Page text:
Extracting “BlockyCore.jar” leads you to find the file “BlockyCore.class”, in /com/myfirstplugin folder. Looking up how to open a .CLASS file led me to install jd-gui, and open the file with that. In doing so, you’ll find some awesome credentials to a SQL server database!
However, trying to ssh into this machine with root / 8YsqfCTnvxAUeduzjNSXe22 doesn’t work. There must be more. Thinking about accessing SQL servers, there’s a web interface with phpmyadmin. Let’s check that out!
Sure enough, we can login with those credentials to phpmyadmin.
So looking around here, we see a wordpress database, with a hash of a password. We also see a username, notch, both in the wp_users table.
Maybe notch is a good username for the machine? Sure enough, using the same password we logged into phpmyadmin with and the user ‘notch’ gets us shell access!
First thing I always do is try running ‘sudo -l’, and in this case, we get some great news!
Just run a quick ‘sudo su’ and you are now root!
Thanks to everyone for checking out my blog. Please also check out my video walkthroughs, and remember, users like to re-use passwords!
This box got me going for a little bit, until I remembered my basics and focused. Beep is a good box for demonstrating the most common vulnerability of all – users. With that said, let’s get to it! The initial AutoRecon scan shows a lot of open ports.
As you can see, we have a lot to work with here. SSH, SMTP, HTTP (on Port 80, 443, and 10000), a POP3 Server, an IMAP Server, and numerous others (HylaFax anyone?).
With there not being a lot of common ports here, probably the best place to start is by looking at the HTTP ports. Port 80 has nothing, and quickly redirects over to Port 443. Port 10000 has a Webmin portal up, which may be accessible.
The best thing here is to slow down, get all of your services down, and RESEARCH! Look up vulnerabilties on each port related to the services, and if possible, the versions of the software (if you can find them). This is the only good way to stop you from going down rabbit holes.
Eventually, on the HTTPS server on port 443, you’ll see the Elastix login. Looking up vulnerabilities for this takes you to https://www.exploit-db.com/exploits/37637, which describes the ability to perform some local file inclusion. If you read through the comments, you can find the Proof of Concept here:
Trying this out by pasting it in our browser window works! You’ll be able to pull up a configuration file for the Asterisk Management Portal. Right-clicking and selecting View-Source will probably make it look a little better for you, like this:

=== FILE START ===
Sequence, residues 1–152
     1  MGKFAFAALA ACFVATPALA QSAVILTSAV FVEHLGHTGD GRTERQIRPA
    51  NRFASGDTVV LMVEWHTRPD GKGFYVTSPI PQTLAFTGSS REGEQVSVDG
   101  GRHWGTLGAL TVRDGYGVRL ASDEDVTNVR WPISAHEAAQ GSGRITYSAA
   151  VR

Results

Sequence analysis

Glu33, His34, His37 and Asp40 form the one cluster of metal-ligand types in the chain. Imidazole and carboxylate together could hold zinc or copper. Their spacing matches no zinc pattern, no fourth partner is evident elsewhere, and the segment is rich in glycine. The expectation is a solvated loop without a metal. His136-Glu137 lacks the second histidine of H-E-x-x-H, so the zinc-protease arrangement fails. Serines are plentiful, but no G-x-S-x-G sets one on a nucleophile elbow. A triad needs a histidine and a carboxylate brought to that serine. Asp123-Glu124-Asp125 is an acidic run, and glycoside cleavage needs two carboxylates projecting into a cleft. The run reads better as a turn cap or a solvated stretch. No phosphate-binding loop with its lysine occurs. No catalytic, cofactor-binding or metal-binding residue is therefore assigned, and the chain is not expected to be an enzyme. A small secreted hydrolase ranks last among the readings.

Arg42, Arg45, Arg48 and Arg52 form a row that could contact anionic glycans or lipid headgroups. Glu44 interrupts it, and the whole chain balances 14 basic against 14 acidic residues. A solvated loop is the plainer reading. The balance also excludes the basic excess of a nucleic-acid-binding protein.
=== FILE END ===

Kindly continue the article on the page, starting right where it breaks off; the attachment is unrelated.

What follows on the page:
Scrolling through here we can see a bunch of passwords, including some that are re-used. That is the key to this lesson – password re-use. Maybe one of these is re-used for other logins. We have some passwords, let’s use the LFI vulnerability to get our users list.
Modifying the LFI to browse to the /etc/passwd file works, and we can see the standard root user has logon, as well as the user on the bottom, fanis.
Trying both of these user names against our passwords from our configuration file over SSH quickly gains us access. I’ve included a screenshot of an error I’ve received trying to SSH in here as well as the fix, for future reference. This is because of the age of this box, but it still could be applicable in future pentesting.
Once here, it’s a trivial matter again to browse to the two flags. No extra privilege escalation needed!
Lame is the first box from HackTheBox in my OSCP Preparation series, and I wanted to get off to a good foot with my methodology. Once we added the ip address to our /etc/hosts file as lame.htb, we kick off an AutoRecon scan and let it run. Opening the full nmap scan, we
As you can see, we have a few ports open, and nmap did a pretty good job here of giving us version information. After adding all of this to my notes, I began by looking up various exploits I could find for the different ports and services that were running. Ports 139 and 445, running SMB, looked the most juicy here, and in any penetration test, are the first I would typically go after.
For my OSCP Preparations using HackTheBox, I’ll be following an awesome list made by TJ Null and the Mayor, Joe Helle. The list is curated here for your enjoyment. I did make a few changes – I sorted it out into Linux and Windows, and sorted from easiest to most difficult.